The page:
Around 90 million children contract seasonal flu every year worldwide, which leads to about one million hospital admissions, claims a new report published today by The Lancet.
The report, timed to coincide with World Pneumonia Day on 12 November, is described as the first study to provide global estimates of seasonal influenza in children aged under five as well as the resulting burden of flu-related pneumonia.
The international team of researchers led by Dr Harish Nair of the Centre for Population Health Sciences at the University of Edinburgh, found that the number of deaths a year due to flu-related pneumonia can reach as high as 111,500. Almost all of those deaths (99%) happen in developing countries.
Recent estimates of global pneumonia incidence and mortality associated with Streptococcus pneumoniae, Haemophilus influenzae type b, and respiratory syncytial virus (RSV) do not fully explain the paediatric pneumonia burden, so the authors wanted to explore the role of other causes such as the flu virus.
The authors formed an international Influenza Study Group to supplement their systematic literature review with available unpublished data.
They identified 43 suitable studies, with data for around eight million children published between 1995 and 2010.
The collective results indicated that in 2008, there were an estimated 90 million new cases of flu occurring in children under 5 years worldwide annually, and 20 million cases of flu-associated pneumonia.
Analysis of the results also showed there were between 28,000 and 111,500 deaths in children younger than 5 years attributable to flu-associated pneumonia in 2008, with 99% of these deaths occurring in developing countries. Incidence and mortality varied substantially from year to year in any one setting.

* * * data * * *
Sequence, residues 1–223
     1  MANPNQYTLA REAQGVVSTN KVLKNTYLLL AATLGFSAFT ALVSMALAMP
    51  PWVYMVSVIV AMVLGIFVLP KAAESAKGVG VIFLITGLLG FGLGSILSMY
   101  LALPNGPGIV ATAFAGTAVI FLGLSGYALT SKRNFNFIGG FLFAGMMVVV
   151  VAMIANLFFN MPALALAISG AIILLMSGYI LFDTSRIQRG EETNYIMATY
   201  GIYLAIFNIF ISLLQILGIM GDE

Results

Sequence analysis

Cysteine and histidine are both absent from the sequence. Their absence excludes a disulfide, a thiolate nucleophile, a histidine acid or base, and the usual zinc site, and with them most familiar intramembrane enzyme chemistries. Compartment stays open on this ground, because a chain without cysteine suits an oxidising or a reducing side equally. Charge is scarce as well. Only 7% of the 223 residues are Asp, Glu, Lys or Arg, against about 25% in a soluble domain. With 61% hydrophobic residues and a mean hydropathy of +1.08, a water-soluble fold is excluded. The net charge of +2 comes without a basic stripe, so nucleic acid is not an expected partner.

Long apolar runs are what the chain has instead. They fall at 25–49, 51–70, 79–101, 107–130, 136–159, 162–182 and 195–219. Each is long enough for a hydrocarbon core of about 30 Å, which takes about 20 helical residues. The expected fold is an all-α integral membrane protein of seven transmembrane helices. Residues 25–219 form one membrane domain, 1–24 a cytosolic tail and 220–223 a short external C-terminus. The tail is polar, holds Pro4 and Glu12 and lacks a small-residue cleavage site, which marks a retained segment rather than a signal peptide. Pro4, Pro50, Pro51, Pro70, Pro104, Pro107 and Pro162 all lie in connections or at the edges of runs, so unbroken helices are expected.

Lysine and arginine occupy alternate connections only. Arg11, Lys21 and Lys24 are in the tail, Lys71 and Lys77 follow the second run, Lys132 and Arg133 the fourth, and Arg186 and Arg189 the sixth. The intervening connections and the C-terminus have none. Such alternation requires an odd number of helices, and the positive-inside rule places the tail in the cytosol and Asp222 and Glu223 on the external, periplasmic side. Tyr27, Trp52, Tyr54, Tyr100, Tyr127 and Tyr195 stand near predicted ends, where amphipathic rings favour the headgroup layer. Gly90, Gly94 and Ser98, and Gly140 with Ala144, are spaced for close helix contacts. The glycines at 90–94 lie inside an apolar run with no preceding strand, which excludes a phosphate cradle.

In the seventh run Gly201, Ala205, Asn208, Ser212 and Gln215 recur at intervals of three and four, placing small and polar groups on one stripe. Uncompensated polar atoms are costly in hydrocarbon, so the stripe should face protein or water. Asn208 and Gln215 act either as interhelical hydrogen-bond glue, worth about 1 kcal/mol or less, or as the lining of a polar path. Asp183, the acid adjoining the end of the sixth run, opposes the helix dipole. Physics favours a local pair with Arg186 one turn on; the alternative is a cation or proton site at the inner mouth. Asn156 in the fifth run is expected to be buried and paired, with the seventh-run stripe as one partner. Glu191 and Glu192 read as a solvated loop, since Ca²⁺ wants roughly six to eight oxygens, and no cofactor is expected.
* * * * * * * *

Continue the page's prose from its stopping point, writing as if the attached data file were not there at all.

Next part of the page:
The authors conclude: “Influenza is the second most common pathogen identified in children with acute lower respiratory infection [pneumonia] and contributes substantially to the burden of hospitalisation and mortality in young children.
“Our estimates should inform public health policy and vaccine strategy, especially in developing countries. Our report should also help inform donor agencies in assigning funding priorities for novel vaccine development and implementation or other influenza prevention strategies.”
In an accompanying comment, Dr Maria Zambon of the Health Protection Agency, said: “Importantly, Nair and colleagues’ study concludes that most childhood mortality occurs outside of hospital settings, with roughly 15-fold differences of case fatality ratio between developing and developed countries.
“Most of the world’s children live in the developing world. This finding is confirmation of the high disease burden caused by influenza in the youngest age groups, even if the exact numbers are obscure.
“Robust, evidence-based comparisons of health interventions, such as selective versus universal vaccination policies between different countries and regions, are essential to help decision makers with restricted resources who are trying to get the best return for the lowest cost.”